By then it was dark and time to head back to the house for baths and dinner, which we all enjoyed together (the food; not the bath!). Mr. and Mrs. Watanabe senior (‘grandma’ and ‘grandpa’), who are 90 and 95 years old, respectively, also live at the house, though do not participate in much conversation due to their old age and poor hearing.   Continue reading

Tsurugi Tozan

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Ready, set, hiking!

Despite waking up to cold wet weather this morning, I embarked on a hike of Mt. Tsurugi, in Tokushima prefecture. After all, I had spent nearly 2 hours making the drive up the winding narrow canyons yesterday to get here, and I knew it was a pretty nice hike (having visited once before); it seemed a shame to waste the opportunity. And besides, it’s one of only two hyakumeizan (Japan’s 100 famous mountains) in Shikoku, so I had to give it a fair go, right? What’s a bit of water when you have full rain gear on anyway?

Turns out I wasn’t the only one crazy enough to tackle the mountain this morning, though there certainly weren’t the crowds of sightseers I had come across here previously. So the first 3km or so up to the summit of Mt. Tsurugi were pretty straightforward and I came across a number of other people along the trail. But once I got to the summit, where the surrounding views were essentially a white-out in all directions, there were only 2 other people to be seen.

Despite the inclement weather, I decided to press on to the summit of Mt. Jirogyuu, since I had only been walking for a bit over an hour to get to this point. I had also read that Jirogyuu provides a nice alternative to the development at Tsurugi. While I did not find it to be as ‘disappointing’ as many hikers claim (not even when I ascended the first time), it’s not the pristine natural beauty that one might expect from a mountain on the hyakumeizan list. However, having climbed Mt. Fuji too, the amenities here seem rather insignificant to me; all the boardwalks provide excellent 360 degree views (when the weather is nice!) and also serve to keep people from tramping all over the sasa (bamboo grass) wherever they like, which seems like a good purpose to serve, in my opinion.

Next target: That way!

Next target: That way!

The saddle between Tsurugi and Jirogyuu

The saddle between Tsurugi and Jirogyuu

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Shikoku Sutaato!

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After a great dinner with some JET friends in Bungo-ono (Oita prefecture), it was at last time to get the show on the road, as it were, and head to the ferry wharf to finally leave the relative safety of Kyushu and venture into the unknown.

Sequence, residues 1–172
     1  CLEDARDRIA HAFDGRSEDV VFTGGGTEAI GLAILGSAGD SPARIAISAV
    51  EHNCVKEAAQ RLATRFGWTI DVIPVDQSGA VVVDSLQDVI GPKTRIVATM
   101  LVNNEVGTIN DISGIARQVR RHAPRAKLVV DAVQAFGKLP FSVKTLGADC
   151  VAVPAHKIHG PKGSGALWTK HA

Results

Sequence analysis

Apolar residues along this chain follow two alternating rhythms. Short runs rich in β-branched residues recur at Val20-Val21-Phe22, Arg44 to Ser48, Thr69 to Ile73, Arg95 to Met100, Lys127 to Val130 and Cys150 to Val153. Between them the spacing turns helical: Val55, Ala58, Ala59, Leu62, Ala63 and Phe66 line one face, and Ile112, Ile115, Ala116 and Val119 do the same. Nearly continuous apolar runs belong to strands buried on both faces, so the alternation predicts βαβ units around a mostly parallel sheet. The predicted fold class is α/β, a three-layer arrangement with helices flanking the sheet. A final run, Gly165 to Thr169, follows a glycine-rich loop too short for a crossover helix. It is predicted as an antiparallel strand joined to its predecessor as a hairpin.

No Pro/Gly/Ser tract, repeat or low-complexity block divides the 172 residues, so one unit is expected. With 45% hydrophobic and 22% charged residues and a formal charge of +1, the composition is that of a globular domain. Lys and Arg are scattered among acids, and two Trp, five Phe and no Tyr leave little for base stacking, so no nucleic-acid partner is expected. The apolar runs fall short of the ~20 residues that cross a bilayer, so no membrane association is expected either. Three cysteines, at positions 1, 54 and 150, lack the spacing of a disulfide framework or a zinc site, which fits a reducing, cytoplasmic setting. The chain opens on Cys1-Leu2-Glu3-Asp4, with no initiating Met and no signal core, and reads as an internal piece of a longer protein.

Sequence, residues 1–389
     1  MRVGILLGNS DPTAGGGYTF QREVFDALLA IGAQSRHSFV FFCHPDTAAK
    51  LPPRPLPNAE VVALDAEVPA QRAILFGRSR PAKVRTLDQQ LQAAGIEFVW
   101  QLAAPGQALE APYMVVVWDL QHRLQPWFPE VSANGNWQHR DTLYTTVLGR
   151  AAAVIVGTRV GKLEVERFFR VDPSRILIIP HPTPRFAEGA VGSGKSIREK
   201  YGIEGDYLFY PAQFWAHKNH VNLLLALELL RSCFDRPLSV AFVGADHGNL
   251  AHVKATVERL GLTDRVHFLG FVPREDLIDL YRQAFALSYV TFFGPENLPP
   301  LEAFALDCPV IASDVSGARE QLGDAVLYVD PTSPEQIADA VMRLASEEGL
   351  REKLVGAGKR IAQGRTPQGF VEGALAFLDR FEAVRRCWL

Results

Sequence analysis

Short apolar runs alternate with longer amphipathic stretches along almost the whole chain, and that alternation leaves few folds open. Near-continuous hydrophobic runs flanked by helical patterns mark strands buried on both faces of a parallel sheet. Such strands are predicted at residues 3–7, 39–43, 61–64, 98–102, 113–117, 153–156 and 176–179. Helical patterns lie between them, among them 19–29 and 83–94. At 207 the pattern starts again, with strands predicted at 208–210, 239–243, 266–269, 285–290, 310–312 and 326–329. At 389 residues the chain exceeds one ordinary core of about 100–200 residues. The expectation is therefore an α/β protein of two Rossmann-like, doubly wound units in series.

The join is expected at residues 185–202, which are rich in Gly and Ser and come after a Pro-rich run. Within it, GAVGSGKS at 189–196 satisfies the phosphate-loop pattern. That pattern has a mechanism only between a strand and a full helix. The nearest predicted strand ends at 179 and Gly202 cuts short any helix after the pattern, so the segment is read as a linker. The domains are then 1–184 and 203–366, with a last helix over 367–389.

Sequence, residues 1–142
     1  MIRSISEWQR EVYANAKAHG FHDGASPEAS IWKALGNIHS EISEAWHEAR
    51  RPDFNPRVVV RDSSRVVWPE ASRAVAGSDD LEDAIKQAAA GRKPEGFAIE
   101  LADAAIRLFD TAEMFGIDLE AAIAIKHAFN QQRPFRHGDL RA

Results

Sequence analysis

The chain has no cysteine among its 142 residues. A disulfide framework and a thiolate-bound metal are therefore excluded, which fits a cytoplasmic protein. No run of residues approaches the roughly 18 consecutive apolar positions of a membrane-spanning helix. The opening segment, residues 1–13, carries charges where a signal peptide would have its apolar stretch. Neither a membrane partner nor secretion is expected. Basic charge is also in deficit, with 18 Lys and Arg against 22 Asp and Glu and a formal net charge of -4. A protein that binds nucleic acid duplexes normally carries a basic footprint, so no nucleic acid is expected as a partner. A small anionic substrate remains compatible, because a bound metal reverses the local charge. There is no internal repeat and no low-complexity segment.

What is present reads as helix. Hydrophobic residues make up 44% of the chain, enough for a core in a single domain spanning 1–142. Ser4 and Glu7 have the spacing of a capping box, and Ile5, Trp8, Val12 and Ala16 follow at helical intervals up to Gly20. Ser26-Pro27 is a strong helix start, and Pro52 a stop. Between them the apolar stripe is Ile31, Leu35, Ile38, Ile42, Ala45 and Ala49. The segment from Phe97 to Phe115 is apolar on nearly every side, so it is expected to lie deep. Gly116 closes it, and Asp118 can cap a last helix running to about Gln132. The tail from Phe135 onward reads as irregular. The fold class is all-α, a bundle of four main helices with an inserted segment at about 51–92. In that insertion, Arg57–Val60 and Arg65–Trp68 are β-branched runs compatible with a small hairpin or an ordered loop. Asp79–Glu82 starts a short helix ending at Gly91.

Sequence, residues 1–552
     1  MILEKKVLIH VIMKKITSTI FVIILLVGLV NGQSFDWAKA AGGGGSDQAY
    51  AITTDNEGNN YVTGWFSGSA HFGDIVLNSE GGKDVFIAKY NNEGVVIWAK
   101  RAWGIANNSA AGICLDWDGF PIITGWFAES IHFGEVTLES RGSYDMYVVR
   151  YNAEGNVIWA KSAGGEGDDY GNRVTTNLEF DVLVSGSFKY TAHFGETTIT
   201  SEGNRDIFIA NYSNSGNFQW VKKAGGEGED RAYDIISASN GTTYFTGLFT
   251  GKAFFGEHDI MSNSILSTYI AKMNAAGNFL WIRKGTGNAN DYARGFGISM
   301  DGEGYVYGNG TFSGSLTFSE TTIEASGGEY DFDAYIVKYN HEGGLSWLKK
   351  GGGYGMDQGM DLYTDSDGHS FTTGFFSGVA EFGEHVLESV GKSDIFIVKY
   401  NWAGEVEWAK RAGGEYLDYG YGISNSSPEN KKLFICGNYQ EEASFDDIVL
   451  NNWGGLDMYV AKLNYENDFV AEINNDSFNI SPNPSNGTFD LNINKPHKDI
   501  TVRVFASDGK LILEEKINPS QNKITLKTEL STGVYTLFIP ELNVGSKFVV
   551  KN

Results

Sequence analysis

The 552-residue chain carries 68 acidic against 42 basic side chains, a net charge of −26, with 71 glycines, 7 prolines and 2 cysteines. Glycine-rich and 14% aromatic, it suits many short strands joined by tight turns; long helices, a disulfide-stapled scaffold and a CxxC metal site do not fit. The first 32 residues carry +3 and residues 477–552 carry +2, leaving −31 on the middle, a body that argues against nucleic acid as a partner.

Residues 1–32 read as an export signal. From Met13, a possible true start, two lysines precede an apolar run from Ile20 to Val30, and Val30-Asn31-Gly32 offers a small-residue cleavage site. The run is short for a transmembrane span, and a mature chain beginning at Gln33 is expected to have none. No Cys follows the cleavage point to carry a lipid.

My van and I boarded a ferry that I had been on once before with my mum, on a previous trip to Shikoku. Pretty soon, the misty shores of Kyushu were out of sight, and we were making our way into port in Misaki, on the island of Shikoku (the smallest of Japan’s four major islands) just 70 minutes later. After a short drive from the port I reached my favourite part of the road, and a big reason for using that particular ferry route: The Melody Road. It’s a section of road that plays a ‘song’ as you drive over it; based on some grooves in the road, your speed determines the pitch of the song and how good it sounds! Unfortunately the noise of the van’s engine made it a bit less impressive than the previous time I drove over it, but still exciting nevertheless!

I had then planned to go to a road station to relax for the afternoon and spend the night, but I took a wrong turn and ended up on the expressway! Since I am trying to save money, I decided to get off at the first available exit, and as fate would have it, that was in Uchiko – a small town that I had driven through previously with mum but not had time to stop. Furthermore, a very short way from the expressway exit was a sign for another road station, so I figured I would check that out… And it turned out to be fantastic! It had a full farmer’s market with lots of fresh produce, and I was able to park the van with the back overlooking a river. Note that it was also raining by this time, so I decided that with such a great spot, I would simply relax for the afternoon, make myself a curry for dinner, and wait to see what the weather was like in the morning. This also gave me a chance to do some research into sightseeing around Ehime prefecture and to plan my trip around Shikoku over the next week or so, before beginning my first WWOOFing experience on a farm in Kochi.

Amazing farmer's market at Fresh Park Karari rest stop in Uchiko

Amazing farmer’s market at Fresh Park Karari rest stop in Uchiko

Just chillin in the van on a rainy afternoon

Just chillin in the van on a rainy afternoon